Why Do Hamstring Injuries Happen?

964 WordsFeb 29, 20164 Pages
The Process of Injuries to the Hamstring Ask any football player if they have ever had a hamstring injury and most of them will say yes. Why do hamstring injuries happen? Is it because of the anatomy of the hip and pelvis or is it because they are not stretching it enough? Another possibility that causes hamstring and injuries is the muscles are getting overworked. The muscles around those might not be getting worked as well as they should be either. Hamstring injuries happen because they are not stretched well enough. The anatomy is a major contributor to any injury. The three hamstrings are the semimembranosus, semitendinosus, and the biceps femoris. The hamstrings are responsible for flexing the knee and extending the hip…show more content…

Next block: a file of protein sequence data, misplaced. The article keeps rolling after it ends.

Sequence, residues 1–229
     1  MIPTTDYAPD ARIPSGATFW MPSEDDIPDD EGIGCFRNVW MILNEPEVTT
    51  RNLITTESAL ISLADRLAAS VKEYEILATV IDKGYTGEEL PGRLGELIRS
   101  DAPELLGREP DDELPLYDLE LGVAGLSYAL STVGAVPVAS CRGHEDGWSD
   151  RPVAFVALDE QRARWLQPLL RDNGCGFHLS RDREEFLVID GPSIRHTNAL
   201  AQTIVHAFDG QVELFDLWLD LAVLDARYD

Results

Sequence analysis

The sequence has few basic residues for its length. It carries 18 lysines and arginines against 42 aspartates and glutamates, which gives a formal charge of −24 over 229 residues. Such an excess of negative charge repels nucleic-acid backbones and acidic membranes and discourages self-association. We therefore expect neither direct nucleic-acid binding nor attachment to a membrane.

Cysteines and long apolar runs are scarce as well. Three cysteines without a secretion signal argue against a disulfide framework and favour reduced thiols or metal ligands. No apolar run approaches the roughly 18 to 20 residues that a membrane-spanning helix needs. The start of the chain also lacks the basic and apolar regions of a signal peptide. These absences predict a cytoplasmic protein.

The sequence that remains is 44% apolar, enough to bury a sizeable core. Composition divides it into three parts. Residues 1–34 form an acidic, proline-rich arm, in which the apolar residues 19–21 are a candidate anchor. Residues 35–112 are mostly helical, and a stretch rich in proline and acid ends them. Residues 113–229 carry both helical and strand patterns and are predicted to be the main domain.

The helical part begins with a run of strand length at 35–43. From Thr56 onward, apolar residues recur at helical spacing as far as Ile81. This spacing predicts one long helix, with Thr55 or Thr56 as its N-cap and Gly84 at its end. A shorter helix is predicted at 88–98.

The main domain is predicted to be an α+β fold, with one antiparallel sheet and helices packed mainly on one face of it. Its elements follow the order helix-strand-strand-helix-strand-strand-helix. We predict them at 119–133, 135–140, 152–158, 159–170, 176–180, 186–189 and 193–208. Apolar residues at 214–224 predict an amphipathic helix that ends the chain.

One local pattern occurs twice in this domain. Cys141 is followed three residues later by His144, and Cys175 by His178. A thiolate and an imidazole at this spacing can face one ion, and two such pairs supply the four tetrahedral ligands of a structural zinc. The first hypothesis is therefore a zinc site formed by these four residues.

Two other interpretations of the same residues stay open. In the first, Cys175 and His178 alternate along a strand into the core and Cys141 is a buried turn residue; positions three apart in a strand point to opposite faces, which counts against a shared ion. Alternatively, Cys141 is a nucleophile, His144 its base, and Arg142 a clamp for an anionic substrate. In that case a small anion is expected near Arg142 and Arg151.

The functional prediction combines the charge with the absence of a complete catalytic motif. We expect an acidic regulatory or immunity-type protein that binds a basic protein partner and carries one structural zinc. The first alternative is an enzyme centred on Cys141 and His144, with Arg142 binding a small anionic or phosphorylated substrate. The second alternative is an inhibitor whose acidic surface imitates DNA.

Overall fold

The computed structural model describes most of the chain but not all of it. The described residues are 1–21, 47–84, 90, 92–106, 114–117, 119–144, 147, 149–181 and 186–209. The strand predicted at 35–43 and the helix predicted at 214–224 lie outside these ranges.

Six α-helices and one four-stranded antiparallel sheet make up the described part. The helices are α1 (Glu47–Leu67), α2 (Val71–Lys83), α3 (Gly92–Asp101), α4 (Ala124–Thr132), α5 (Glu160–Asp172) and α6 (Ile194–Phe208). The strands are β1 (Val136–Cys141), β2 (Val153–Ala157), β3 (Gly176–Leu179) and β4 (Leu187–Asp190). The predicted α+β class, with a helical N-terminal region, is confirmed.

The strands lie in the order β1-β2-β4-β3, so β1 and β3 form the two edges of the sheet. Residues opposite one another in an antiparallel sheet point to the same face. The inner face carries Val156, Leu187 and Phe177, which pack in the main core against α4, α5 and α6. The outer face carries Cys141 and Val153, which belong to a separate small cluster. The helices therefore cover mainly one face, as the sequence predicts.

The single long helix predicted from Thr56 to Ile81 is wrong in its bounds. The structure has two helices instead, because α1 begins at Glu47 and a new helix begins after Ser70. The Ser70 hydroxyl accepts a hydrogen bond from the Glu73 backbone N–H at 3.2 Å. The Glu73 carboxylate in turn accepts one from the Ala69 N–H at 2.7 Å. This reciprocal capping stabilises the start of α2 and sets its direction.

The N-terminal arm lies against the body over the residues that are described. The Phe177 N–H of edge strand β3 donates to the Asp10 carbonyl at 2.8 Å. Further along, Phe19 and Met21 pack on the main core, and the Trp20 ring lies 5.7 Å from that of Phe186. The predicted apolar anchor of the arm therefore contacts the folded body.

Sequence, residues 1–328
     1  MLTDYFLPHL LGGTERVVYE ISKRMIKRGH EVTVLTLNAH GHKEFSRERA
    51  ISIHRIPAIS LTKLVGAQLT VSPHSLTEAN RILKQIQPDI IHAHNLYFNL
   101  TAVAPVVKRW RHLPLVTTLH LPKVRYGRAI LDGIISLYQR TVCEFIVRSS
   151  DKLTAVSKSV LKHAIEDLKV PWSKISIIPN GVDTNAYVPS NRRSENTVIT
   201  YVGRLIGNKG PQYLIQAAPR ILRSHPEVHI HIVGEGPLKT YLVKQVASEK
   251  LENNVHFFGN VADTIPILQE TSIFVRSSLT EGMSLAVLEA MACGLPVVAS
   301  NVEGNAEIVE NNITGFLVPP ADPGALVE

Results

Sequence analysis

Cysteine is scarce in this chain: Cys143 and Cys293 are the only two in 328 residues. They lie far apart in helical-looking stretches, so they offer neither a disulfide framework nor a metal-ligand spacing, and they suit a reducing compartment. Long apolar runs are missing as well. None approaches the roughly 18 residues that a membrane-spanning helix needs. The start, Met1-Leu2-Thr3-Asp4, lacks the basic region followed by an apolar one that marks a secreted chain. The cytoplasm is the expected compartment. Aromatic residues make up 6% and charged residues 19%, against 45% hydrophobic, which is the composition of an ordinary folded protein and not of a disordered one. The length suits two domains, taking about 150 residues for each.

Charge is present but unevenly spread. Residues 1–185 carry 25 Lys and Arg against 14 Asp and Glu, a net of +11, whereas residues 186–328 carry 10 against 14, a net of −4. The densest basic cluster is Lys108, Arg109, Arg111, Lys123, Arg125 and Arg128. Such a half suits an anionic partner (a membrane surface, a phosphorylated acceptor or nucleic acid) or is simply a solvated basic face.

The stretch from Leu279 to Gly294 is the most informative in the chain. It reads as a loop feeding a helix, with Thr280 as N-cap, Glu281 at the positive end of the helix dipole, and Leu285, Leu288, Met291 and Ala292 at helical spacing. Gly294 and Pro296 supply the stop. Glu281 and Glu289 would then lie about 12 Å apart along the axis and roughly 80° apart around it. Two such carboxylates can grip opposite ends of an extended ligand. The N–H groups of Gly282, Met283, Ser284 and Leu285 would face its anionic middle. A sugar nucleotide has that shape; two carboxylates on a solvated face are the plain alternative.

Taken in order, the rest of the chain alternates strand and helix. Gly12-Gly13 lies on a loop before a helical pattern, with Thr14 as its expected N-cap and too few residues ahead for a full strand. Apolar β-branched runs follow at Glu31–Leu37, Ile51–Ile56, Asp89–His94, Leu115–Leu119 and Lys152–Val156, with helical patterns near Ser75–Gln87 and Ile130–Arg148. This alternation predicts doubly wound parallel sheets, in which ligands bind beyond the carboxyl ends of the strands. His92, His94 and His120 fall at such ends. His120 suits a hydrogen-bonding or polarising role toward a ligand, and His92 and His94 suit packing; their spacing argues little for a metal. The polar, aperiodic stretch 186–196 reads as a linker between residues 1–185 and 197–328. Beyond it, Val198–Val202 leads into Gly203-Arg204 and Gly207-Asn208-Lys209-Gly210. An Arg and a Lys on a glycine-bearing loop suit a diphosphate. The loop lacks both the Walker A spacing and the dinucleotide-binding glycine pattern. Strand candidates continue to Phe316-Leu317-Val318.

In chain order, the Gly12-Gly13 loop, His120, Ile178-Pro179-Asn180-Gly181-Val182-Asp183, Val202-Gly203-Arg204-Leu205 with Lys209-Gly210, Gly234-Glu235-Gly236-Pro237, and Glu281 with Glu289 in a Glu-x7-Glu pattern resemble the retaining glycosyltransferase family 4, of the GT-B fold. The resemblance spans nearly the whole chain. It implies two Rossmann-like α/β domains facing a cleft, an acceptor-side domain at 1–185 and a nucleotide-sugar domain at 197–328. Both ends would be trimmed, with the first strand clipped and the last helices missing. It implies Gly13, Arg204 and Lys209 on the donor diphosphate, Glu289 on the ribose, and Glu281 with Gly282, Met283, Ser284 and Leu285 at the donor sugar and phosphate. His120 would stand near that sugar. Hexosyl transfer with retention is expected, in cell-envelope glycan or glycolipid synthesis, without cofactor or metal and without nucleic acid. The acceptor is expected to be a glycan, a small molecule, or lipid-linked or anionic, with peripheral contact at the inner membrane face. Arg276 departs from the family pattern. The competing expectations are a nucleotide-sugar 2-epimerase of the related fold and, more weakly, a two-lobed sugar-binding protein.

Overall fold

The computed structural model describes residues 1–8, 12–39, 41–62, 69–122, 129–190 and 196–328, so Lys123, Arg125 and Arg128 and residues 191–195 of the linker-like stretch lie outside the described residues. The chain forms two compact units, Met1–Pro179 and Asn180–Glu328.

Many people have stronger quadriceps than hamstrings because they are easier to work than hamstrings (Zirm). The best way for athletes to avoid pulling or tearing a hamstring is to balance everything. Make sure everything is working the same amount. If someone works legs today they are not just going to work their quads because their calves, glutes, and hamstrings will not have the same amount of strength. That will then cause the other muscles to work harder than the quads. That will then eventually lead to an injury that will take someone out of their sport for about six to eight weeks. The athletic trainer discovers whether there is an injury present in the hamstring is through special tests. One of the special tests is called the Weber-Barstow Maneuver Test. “First, the patient begins lying in supine position with his or her heels off the end of the table (Special Tests). “The examiner holds the feet of the patient and places the thumbs over the medial malleoli while providing slight traction to the legs” (Special Tests). “The examiner instructs the patient to flex both knees and hips to place the feet on the table aligned next to each other (line up the medial malleoli)” (Special Tests). “The examiner instructs the patient to bridge his or her hips upward and then
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